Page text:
The following sections show the overall functionality and a proof-of-concept of the system. The aim is not interpreting the measurements in detail as much as showing the value of the high-resolution automatic sampling system.

Figure 7 shows automatically recorded δ18O values in the SW (top) and GW water (bottom) between end of March and mid April 2012 (dry season, 58 to 76 days after seeding) for selected plots. Gaps in the graph are due to setup changes and system testing. The δ18O values in the SW plots increase from 26 March on, starting at −3‰ and reaching almost −1‰ on conventional as well as site-specific plots, and from −2‰ to 0‰ on zero-fertilized plots. A sharp drop on 28 March occurs on all sites; δ18O values then steadily increase until 5 April. While δ18O values in the zero-fertilized plots stay at the same level of 2‰ until 14 April, they fall back to the base level in the conventional and site-specific fertilized plots. We speculate that the richer δ18O signatures in the SW of zero-fertilization plots are related to less shading by plants due to weaker plant growth and stronger evaporation. The other two fertilized plots show stronger plant growth and higher shading and are therefore less enriched. Contrastingly, δ18O signatures in the GW stay relatively constant the whole time (site-specific 0‰–1‰, conventional −3.5‰, zero −3‰), indicating no direct interaction between SW and GW during this period of time. The value of the high frequency, in situ sampling system is depicted by the detailed record of the changes in δ18O in SW—a dynamic that would not have been captured by conventional, less frequent grab sampling.

Nitrate measurement in wet rice fields started 30 March. Figure 8 shows the nitrate concentrations in the GW and SW of different fertilized plots. The highest nitrate values of 0.6 mg·L−1 NO3-N where recorded in SW at the beginning of April after a strong increase both at the conventional and the site-specific fertilized plots, followed by a strong decrease in nitrate concentrations down to the detection limit of the UV photometer. The nitrate concentration in the zero-fertilized SW plot was under the detection limit of the sensor.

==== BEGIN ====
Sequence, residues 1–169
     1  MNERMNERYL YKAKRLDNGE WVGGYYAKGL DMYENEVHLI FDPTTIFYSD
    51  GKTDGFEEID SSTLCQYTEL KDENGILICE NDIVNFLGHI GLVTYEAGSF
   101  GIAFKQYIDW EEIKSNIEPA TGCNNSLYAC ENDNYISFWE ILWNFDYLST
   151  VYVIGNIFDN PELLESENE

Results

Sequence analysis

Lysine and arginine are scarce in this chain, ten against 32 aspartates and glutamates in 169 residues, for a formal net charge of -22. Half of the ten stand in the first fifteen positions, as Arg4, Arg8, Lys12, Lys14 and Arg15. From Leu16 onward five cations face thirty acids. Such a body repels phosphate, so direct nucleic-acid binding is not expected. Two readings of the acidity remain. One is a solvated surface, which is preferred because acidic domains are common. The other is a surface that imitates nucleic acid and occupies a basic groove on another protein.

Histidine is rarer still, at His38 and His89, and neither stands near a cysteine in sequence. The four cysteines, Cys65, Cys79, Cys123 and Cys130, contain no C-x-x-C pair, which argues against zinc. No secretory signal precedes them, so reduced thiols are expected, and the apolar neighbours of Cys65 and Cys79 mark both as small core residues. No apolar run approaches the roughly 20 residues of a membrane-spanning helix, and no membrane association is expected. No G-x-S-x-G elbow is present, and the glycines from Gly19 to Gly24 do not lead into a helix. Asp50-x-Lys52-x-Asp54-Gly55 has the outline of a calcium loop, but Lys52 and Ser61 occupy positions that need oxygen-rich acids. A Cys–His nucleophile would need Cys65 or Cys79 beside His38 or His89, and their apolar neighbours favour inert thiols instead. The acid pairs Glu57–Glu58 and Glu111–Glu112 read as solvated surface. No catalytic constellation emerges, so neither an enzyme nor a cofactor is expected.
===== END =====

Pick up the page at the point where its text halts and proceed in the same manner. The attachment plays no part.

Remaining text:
Nitrate values in the GW are almost always greater than the detection limit. The nitrate concentration in the site-specific fertilized GW is higher than the concentration under the conventional and zero-fertilized plots. The two time points (2 and 10 April) with the highest nitrate increases (despite the data gap before the 10th) in the site-specific fertilized GW plot are related to a drop in the GW level (Figure 9). The increase at this point could be caused by the onset of aerobic conditions in normally saturated soil, nitrification and transformation into the GW, whereas the first drop in GW levels is during drier conditions than the second (Figure 9). It is possible that the GW is mainly affected by soil conditions and GW flow direction so that under all plots nearly the same nitrate concentrations exist. It seems that GW is less affected by surface events, whereas high-frequency measurements enable capturing and comparing short-term differences which allow to develop hypotheses for underlying processes.

4. Conclusions